Nevner viktige steder nerver kommer i klem.
Although nerves may be injured anywhere along their course, peripheral nerve compression or entrapment occurs more at specific locations, such as sites where a nerve courses through fibroosseous or fibromuscular tunnels or penetrates muscles [2, 3].
Figure 1: The drawing shows anatomy of the suprascapular nerve from the posterior view. Note the nerve courses through the suprascapular notch (open arrow) and spinoglenoid notch (curved arrow). SSN: suprascapular nerve, SS: supraspinatus muscle, IS: infraspinatus muscle.
Suprascapular nerve compression or entrapment, known as suprascapular nerve syndrome, can occur as a result of trauma, an anomalous or thickened transverse scapular ligament, or extrinsic compression by a space-occupying lesion [7, 8], commonly a ganglia cyst or soft tissue tumor. Compression or entrapment at the suprascapular notch leads to supraspinatus and infraspinatus muscle denervation (Figure 2), whereas more distal entrapment at the spinoglenoid notch may present with isolated involvement of the infraspinatus muscle (Figure 3). Patients may present with poorly localized pain and discomfort at the back of the shoulder or the upper back, as well as weakness when raising the arm.
Figure 4: The drawing shows the axillary nerve within the quadrilateral space from a posterior view. AN: axillary nerve, Tm: teres minor muscle, Tr: long head of the triceps, TM: teres major muscle, H: humerus, D: deltoid muscle.
Clinical manifestations include poorly localized shoulder pain and paresthesias in the affected arm in a nondermatomal distribution. The diagnosis can be difficult since clinical symptoms may be confused with rotator cuff pathology or other shoulder joint-related abnormalities .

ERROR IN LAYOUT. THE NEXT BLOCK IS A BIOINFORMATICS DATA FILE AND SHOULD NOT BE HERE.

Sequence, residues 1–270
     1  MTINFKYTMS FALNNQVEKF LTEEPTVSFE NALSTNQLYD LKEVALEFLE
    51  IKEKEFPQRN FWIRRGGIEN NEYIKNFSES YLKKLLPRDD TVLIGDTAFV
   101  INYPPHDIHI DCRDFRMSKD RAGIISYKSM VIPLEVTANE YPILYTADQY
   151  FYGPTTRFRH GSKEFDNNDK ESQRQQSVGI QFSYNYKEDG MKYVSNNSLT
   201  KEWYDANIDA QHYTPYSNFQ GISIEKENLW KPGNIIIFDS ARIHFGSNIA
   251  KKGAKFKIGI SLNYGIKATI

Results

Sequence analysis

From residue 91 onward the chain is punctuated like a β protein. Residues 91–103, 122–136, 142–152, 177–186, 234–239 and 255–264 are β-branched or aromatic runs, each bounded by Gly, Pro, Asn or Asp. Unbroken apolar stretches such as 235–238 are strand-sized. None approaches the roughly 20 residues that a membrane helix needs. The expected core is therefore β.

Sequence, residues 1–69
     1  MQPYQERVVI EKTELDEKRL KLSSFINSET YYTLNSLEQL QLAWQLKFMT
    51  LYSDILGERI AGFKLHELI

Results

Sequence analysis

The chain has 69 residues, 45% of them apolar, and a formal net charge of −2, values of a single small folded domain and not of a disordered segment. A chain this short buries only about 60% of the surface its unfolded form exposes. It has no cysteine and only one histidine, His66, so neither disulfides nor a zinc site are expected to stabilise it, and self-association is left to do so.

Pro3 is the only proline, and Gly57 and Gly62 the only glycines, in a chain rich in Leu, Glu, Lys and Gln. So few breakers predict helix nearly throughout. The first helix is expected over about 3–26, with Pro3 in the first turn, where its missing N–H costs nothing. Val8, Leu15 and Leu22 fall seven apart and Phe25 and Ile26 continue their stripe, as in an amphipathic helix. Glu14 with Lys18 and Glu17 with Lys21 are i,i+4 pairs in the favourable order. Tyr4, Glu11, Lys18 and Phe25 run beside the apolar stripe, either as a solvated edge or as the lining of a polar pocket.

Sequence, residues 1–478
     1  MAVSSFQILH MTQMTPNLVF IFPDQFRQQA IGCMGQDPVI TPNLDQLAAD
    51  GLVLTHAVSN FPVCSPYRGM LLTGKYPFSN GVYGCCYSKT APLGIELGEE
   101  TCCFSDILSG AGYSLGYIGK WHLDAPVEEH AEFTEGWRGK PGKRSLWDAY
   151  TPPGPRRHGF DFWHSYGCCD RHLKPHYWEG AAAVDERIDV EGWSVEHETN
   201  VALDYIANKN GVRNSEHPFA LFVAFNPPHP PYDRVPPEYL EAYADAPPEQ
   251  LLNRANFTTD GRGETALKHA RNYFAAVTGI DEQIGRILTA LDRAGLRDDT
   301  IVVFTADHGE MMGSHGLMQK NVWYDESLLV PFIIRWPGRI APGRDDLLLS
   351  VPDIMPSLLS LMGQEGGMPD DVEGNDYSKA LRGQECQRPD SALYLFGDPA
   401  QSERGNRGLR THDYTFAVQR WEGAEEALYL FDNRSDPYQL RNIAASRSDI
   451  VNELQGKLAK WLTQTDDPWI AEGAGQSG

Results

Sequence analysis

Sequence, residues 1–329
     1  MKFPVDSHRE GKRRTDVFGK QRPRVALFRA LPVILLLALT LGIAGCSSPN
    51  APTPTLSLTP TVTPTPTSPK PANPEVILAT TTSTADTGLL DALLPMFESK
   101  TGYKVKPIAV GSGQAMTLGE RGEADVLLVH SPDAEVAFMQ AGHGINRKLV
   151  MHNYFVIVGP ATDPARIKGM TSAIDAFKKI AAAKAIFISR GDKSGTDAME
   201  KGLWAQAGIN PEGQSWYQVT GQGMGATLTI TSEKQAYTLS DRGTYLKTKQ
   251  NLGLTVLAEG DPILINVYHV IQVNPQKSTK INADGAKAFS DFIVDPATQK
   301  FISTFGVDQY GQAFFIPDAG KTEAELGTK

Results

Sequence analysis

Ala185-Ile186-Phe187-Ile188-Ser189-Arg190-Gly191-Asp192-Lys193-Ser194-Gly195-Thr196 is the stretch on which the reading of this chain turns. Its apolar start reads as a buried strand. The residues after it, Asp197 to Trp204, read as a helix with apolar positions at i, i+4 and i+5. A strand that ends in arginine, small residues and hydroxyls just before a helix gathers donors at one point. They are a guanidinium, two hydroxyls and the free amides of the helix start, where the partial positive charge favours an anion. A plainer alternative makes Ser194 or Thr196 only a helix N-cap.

Figure 6: The drawing provides an anterior view of the course of the radial nerve at the elbow. Posterior interosseous nerve (PIN) entrapment may occur due to prominent radial recurrent artery (RRA), medial edge of the extensor carpi radialis brevis (ECRB), and proximal edge of the supinator muscle (SP) (arcade of Frohse). RN: radial nerve, SRN: superficial radial nerve.
The radial nerve is predisposed to injury and entrapment at several locations along its course, which include the radial nerve in the spiral groove of the humerus (spiral groove syndrome) above the elbow joint, where the PIN travels through the radial tunnel, and the superficial branch of the radial nerve where it crosses over the first dorsal wrist compartment (Wartenberg’s syndrome).
Compression or entrapment of the PIN in the radial tunnel may yield two different clinical presentations: posterior interosseous nerve syndrome and radial tunnel syndrome.
In patients with posterior interosseous nerve syndrome, the clinical presentation includes motor deficits of the extensor muscle group without significant sensory loss.
Patients with radial tunnel syndrome, on the other hand, typically present with pain over the proximal lateral forearm [12, 13], which can be caused by acute trauma, masses, and compression from adjacent structures.